What is the relevance of the Iliad in modern times?

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The Iliad is relevant today because it deals with universal themes of war, honor, compassion, and death. And the question: What is the significance of Achilles' choice to return shield to Agamemnon? In Homer's Iliad, Achilles gives his spear (his "snake") and shield (his strongest defense) to his mother Thetis before going into battle against Hector.

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First of all, The Iliad is extremely important as a historical document and a lens through which we can examine the ancient past. Through this epic, we can gain insights into the religious life of the Ancient Greeks, as well as ancient warfare and culture. On these grounds alone, it is a profoundly important piece of our cultural heritage.

Even beyond this, however, The Iliad stands as a deeply influential and powerful work of literature. It contains themes on military glory (as well as on the costs of war) as well as striking depictions of pride and arrogance (notably expressed in the conflict between Agamemnon and Achilles, both of whom are driven by pride and ego). One sees the interplay of vividly rendered personalities, both mortal and immortal, and the ways in which humans and gods ultimately shape and influence one another (consider the ways in which the Trojan War causes turmoil and division among the gods, many of whom themselves hold a stake in that conflict). As a poem, The Iliad is rich in dramatic weight. From that perspective, one can see how it has endured for so long and why it has held such a deep and lasting influence. It is one of the great masterworks in all of literature.

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The topic of the modern-day relevance of The Iliad offers scholars many different facets to explore. War, suffering, heroism, and masculinity are all themes from The Iliad that many would agree are contemporary hot topics.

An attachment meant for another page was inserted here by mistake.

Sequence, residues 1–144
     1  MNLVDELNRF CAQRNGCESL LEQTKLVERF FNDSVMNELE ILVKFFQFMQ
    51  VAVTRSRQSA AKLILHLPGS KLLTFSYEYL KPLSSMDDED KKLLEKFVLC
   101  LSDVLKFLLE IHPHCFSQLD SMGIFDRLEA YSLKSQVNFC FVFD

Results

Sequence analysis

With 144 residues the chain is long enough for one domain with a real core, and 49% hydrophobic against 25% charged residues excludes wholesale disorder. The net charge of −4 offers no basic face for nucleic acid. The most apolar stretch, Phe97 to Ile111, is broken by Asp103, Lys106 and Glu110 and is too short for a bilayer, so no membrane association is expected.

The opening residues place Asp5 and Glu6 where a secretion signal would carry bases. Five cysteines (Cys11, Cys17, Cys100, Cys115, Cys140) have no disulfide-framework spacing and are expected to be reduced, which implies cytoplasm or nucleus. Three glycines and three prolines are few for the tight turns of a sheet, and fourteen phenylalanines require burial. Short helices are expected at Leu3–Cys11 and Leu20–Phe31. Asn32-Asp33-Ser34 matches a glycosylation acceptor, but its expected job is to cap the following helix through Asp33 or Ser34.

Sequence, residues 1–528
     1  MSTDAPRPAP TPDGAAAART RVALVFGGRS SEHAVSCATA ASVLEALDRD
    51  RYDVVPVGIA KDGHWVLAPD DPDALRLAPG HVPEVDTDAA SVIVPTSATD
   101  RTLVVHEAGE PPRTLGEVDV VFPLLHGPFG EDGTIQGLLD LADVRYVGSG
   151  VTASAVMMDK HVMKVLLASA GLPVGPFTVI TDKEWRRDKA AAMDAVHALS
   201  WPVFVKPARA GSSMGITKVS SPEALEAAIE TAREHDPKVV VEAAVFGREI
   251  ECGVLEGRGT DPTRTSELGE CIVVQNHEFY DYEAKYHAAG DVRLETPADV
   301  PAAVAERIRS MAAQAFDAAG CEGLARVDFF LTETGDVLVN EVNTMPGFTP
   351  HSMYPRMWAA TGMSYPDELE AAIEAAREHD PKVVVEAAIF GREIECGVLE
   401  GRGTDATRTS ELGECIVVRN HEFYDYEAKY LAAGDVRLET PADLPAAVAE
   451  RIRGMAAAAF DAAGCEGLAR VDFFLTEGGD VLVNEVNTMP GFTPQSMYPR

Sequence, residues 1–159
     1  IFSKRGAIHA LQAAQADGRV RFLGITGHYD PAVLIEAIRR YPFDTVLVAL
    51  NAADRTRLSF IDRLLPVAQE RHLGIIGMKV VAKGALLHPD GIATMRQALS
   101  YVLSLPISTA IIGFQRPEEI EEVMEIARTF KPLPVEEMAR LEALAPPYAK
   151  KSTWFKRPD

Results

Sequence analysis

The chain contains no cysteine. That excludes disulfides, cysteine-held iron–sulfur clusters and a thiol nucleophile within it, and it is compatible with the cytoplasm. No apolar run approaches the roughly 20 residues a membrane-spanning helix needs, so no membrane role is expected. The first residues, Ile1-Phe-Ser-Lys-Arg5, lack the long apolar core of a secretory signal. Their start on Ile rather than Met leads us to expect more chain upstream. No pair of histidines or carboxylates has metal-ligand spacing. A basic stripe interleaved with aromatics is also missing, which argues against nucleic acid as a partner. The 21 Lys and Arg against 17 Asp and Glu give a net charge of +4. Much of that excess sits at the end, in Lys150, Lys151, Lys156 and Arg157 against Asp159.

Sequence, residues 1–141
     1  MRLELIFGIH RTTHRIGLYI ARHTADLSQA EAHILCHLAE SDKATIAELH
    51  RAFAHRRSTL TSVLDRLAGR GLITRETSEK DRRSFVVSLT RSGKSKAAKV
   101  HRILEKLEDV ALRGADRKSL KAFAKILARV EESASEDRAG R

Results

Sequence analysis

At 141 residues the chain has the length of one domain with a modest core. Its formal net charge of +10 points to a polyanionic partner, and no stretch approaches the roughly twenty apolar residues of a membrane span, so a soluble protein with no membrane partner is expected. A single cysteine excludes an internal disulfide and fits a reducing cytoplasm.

The Iliad explores the themes of suffering and war in exceptional detail, themes which are inextricably tied with the act of telling stories about heroes. Heroes are individuals who inspire others, and no matter what time in history a reader of The Iliad lives, this kind of inspiration is important. Definitions of heroic behavior may change, but culture's need for heroes is static.

As well, conflicts between groups of humans have always existed in history, and they exist today as global newspapers report daily. The Iliad demonstrates to some that the impulse to go to war is perhaps a human one that cannot be mollified no matter how convincing a pacifist argument might sound. To others, war is one manifestation of masculine anger and aggression, and other scholars say that these emotions need release; such a release will happen, whether societies want this release or not. No matter how an individual feels about war, the reality is that war is a facet of society that seems ineradicable, which is one reason why The Iliad still resonates today.

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In The Iliad, the important people start wars and have starring roles in these conflicts. Meanwhile, however, ordinary people go on with their lives as war occurs.

The shield of Achilles shows that life then, as now, consists of more than great warriors or great armies meeting to fight on the battlefield. People still plant and harvest crops. People still find time for worship, and people still create opportunities for song and dance and other festivities. While the battle is raging in one place, ordinary people somewhere else are going about their daily lives.

Homer shows through the shield of Achilles that while war is important, so is ordinary life. He also shows that it is this ordinary life that the warriors are supposed to be fighting to protect. Today too, wars are meant to defend ordinary life. Further, today's everyday people, while battles wage, go on with their existences.